What was working with your graduate supervisor like?
My graduate supervisor was Professor André Lamontagne, who is possibly one of the kindest and most patient people I have met in my life.
I admire him for his research, for his work as an author and for his great involvement in the French-speaking community in British Columbia. Having the opportunity to work with someone so accomplished in so many areas is truly inspiring, and it makes me strive to be more involved in the academic community and in the wider community. Also, seeing how I was teaching while I was working on my dissertation, I really appreciated Professor Lamontagne’s guidance and flexibility, which helped me stay balanced throughout the entire process.
What are your career goals?
Having just defended my doctoral dissertation in April 2020, I am looking forward to exploring more areas of my research and continuing to teach as well. Although the current situation with COVID-19 makes for uncertain times, I am hopeful that I can remain active with research. For now, I am also motivated to keep learning and adapting as and instructor, and to find ways to innovate and develop fresh ideas for the virtual classroom.
What is your research topic?
My research focuses on the role of the five primary senses — sight, touch, hearing, smell and taste — in narrative forms.
More specifically, in my doctoral dissertation titled Écritures migrantes et mémoire sensorielle dans le roman québécois contemporain : Ying Chen, Sergio Kokis, Dany Laferrière et Kim Thúy, I examined how memories associated with the five senses were used in the works of “migrant” writers and how they impact the way the story is told.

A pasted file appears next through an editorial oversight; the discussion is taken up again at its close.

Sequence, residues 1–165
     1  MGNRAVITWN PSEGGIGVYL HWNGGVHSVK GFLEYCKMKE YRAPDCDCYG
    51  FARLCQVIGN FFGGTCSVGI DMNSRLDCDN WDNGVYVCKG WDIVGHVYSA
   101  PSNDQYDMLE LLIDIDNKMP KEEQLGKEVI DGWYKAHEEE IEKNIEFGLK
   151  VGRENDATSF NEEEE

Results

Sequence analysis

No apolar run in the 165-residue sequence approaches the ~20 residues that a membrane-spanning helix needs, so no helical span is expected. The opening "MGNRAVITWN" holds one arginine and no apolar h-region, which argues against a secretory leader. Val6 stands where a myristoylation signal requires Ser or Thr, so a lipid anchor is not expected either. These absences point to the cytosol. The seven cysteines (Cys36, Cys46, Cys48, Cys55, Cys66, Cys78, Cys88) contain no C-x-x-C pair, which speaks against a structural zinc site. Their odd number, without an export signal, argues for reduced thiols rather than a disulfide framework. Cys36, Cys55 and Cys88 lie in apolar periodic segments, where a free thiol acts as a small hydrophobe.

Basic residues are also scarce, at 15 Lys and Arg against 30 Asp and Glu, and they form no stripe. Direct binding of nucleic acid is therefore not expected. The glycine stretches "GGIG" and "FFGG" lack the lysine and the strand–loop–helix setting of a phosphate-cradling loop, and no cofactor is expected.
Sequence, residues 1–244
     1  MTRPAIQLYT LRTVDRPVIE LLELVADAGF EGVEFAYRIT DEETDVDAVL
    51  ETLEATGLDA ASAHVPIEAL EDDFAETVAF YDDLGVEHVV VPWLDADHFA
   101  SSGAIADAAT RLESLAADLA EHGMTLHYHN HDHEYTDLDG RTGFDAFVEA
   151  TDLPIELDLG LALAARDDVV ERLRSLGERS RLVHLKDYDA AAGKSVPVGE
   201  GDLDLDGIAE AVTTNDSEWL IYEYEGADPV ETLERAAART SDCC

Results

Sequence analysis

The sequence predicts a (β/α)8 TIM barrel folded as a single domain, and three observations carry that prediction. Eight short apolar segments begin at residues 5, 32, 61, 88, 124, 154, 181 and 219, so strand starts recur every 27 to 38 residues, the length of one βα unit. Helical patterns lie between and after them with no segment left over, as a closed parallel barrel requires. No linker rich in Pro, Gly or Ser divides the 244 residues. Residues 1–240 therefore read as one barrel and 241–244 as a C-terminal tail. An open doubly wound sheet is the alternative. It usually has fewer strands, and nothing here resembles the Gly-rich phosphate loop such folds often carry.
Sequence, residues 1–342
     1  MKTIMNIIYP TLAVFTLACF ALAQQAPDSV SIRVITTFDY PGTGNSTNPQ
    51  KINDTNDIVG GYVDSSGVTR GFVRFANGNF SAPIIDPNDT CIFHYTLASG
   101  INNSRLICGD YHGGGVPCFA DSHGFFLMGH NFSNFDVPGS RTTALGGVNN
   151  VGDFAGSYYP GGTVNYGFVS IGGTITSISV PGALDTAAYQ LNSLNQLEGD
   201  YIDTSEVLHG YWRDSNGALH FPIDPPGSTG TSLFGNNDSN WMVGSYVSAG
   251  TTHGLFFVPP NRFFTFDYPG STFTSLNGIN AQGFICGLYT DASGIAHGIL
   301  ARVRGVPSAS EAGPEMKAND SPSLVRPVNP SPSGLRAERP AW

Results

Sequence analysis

What drew you to this area of interest?
It seems as though, in literature, the senses are often overlooked. Yet, they represent something we all share.
Like Proust, we can all think of a time when a smell transported us back to a specific memory, a specific moment of our lives, and the same can be said about a song, a sensation, a color or a taste. Sensory impressions are both universal, and ineffably personal.
I was drawn to the four novels I studied in my dissertation — La Mémoire de l’eau by Ying Chen, Le Pavillon des miroirs by Sergio Kokis, L’Odeur du café by Dany Laferrière and Ru by Kim Thúy — in large part because they used the senses in a way that was incredibly appealing. This made me interested in examining how the senses were used in narrative forms and what research had been done about this topic.